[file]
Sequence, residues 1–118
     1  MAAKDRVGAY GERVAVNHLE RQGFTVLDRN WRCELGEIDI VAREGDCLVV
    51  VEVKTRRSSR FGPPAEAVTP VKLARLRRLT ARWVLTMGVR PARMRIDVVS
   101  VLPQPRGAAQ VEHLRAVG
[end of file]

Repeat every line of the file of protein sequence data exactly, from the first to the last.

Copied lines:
Sequence, residues 1–118
     1  MAAKDRVGAY GERVAVNHLE RQGFTVLDRN WRCELGEIDI VAREGDCLVV
    51  VEVKTRRSSR FGPPAEAVTP VKLARLRRLT ARWVLTMGVR PARMRIDVVS
   101  VLPQPRGAAQ VEHLRAVG